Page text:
While boxing serves as the most visible aspect of the show, it is the unique cast of characters which ultimately drives the vehicle forward. The first episode unleashes a chaotic blend of individuals that runs the spectrum from those who combust to those who simmer in a constant downward spiral. The inaugural coaches meeting of the show results in a fistfight, and then, later in the episode, we are introduced to the two combatants involved in the opening bout who are each battling their own circumstances.
One young fighter is living out of his car, while his soon-to-be opponent is only four months removed from drug addiction. Both find a level of peace in the turbulent storm of the fight, and White believes showing this perspective will only improve the general public's understanding of the life-changing impact a boxing program can have.
"There were two other boxing shows out there previously but neither of them made it," White said. "Our show is different. If you go behind the scenes in the boxing world, you are going to find the craziest cast of characters you could ever meet. It is a very unique and crazy sport with a lot of unique and crazy people. What makes better reality television than intriguing personalities?
"It's very character driven. People are so quick to attach all of these negative stigmas to fighting, and that doesn't allow them to see the good that can come out of it. The one kid on the first episode of the show had been sober for four months, and he turned to fighting to make those changes in his life.
"I also love this show being on Discovery," he added. "You go to different channels and they have all these different themes. One channel tries to be funny. Another tries to bring you dramas. Discovery has something for everyone. You can be a man, woman or child and there will always be something on Discovery you are interested in. That is why this show fits in so well at Discovery. It has something for everyone. If you are a huge boxing fan, you are going to love this show. If you've never watched boxing a day in your life, you are going to love this show. It is a great television show with a great cast of characters."
While there is no doubting the fact the team of White, Piligian and Welch are shooting for success and solid ratings out of the gate, the group also holds high hopes on a larger scale. Where the sport of boxing once ruled the combat sports universe and produced icons and legends, the discipline has been on a steady decline over the past 15 years.
Save for a handful of legitimate superstars, the infrastructure that once made the sport great has all but deteriorated as gyms across the country have closed up shop for good. While the rise of the UFC created a large shift in public interest between the two sports, it is the group's collective opinion that the demise of the farm system in boxing has brought the sport to its current state.
The gyms in fighting cities across the country used to cultivate talent from an early age, but that process has been halted on a grand scale and is showing little sign of improving. Welch, a longtime gym owner, shared his thoughts on why this has happened and how the problem spread rapidly.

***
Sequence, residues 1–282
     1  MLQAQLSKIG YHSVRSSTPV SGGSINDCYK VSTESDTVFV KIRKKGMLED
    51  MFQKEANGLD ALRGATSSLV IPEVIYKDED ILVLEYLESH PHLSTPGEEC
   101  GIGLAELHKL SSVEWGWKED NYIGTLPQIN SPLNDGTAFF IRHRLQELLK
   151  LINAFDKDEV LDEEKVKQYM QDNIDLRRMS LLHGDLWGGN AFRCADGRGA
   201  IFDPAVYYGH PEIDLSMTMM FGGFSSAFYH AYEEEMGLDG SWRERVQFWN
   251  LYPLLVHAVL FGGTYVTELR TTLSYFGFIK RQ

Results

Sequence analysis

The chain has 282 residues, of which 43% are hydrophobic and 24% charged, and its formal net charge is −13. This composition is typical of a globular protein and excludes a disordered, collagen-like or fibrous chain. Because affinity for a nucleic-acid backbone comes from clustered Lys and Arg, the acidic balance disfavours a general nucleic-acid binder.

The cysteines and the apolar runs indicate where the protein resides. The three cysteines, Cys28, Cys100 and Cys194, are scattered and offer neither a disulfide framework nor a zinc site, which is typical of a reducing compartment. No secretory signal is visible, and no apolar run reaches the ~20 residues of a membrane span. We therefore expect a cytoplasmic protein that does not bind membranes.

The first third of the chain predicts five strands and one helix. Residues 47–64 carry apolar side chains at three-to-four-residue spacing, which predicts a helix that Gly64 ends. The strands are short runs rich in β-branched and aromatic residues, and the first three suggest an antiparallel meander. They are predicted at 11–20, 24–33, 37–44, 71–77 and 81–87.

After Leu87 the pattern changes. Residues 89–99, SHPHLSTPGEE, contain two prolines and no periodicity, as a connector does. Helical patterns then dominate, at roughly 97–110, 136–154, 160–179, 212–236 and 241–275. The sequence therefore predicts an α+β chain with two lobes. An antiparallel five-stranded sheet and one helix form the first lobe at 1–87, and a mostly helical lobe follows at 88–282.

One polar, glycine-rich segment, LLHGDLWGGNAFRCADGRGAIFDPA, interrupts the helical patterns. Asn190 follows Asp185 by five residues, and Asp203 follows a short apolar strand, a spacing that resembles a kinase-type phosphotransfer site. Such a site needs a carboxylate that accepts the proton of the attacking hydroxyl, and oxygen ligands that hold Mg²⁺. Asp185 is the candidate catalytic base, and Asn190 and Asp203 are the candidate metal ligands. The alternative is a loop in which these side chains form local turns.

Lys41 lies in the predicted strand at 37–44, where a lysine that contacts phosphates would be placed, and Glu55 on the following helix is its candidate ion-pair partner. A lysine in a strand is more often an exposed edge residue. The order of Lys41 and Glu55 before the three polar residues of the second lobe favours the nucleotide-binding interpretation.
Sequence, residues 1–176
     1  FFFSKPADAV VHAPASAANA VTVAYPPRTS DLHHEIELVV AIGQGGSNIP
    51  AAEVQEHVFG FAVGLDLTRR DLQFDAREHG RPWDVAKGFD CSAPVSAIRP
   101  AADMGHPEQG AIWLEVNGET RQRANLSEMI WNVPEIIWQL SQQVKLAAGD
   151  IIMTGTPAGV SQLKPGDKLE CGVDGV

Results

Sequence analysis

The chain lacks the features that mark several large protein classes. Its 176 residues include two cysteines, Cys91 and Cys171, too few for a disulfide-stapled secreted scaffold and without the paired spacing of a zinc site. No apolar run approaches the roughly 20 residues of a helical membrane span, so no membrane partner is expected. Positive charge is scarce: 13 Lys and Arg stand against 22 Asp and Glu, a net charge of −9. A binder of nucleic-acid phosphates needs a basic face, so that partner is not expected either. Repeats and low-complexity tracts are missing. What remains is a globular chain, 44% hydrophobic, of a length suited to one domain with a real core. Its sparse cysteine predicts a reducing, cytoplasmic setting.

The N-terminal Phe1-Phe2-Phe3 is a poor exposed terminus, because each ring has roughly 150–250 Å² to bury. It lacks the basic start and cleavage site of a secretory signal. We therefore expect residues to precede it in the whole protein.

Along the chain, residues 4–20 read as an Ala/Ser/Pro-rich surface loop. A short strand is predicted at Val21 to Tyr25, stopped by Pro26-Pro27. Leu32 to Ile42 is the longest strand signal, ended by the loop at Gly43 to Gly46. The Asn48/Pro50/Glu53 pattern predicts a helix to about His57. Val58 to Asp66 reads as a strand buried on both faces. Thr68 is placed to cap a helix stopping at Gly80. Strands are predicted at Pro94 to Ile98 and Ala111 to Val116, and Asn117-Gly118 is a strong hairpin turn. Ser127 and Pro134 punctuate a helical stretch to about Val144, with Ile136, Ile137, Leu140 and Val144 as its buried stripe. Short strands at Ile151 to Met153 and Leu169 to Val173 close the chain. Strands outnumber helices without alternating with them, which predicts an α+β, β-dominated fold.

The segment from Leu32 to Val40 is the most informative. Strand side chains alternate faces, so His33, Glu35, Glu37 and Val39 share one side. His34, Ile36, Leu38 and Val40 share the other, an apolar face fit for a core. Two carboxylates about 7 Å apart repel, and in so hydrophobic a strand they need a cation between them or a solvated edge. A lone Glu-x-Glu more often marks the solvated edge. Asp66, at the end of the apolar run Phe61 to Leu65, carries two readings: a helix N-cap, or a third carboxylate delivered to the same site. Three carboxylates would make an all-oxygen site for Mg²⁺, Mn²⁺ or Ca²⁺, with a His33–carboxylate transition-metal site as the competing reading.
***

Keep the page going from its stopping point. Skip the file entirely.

"The thing with boxing is that it is a neighborhood sport," he said. "The grittiest, blue-collar neighborhoods produce the best fighters. And that's what we are. There are countless neighborhoods in the country that are just like us. What has hurt boxing over the past 25 years is the sanctioning body—USA Boxing—didn't allow us to do smokers. They ceased all smokers.
"So a guy who has a little storefront gym and pays 300 bucks a month can't make that 300 bucks a month from charging people at the door when they run smokers. Then guess what? He goes out of business and has to close his doors because of it and that neighborhood doesn't have boxing anymore. The next thing you know, it happens throughout the city. Then boxing is gone. We don't even exist when it comes to the Olympics because we no longer have that farm system when it comes to boxing. You can see it in the pros. It is international, with talent coming from all over the world because we don't have homegrown talent anymore."
The sport of boxing has certainly taken its fair share of hits over the past two decades, but White isn't willing to give up on a sport that has meant so much to him. The Boston native started his professional life in the boxing business, and while it was his work in the UFC that ultimately made him successful, he refuses to give up on his first love.
He still believes there is hope for boxing and feels The Fighters has the potential to bring some much-needed attention to the sport by highlighting the grassroots struggle. The show is his chance to give something back to a sport that has meant so much to him throughout his life.
"It's huge," White said of the opportunity the show brings to boxing. "I love the sport, and getting this on Discovery was big. For the last 13 years I've been the enemy of boxing. That is how those guys have felt about me. Like I'm trying to kill boxing or something, and that simply isn't the case. I love boxing and I think this show is great. I think this show is going to be a hit, and on Thursday night we are going to find out if I'm right or wrong. I think this is going to be great for the sport and can make people look at it a different way."
Duane Finley is a featured columnist for Bleacher Report. All quotes are obtained firsthand unless otherwise noted.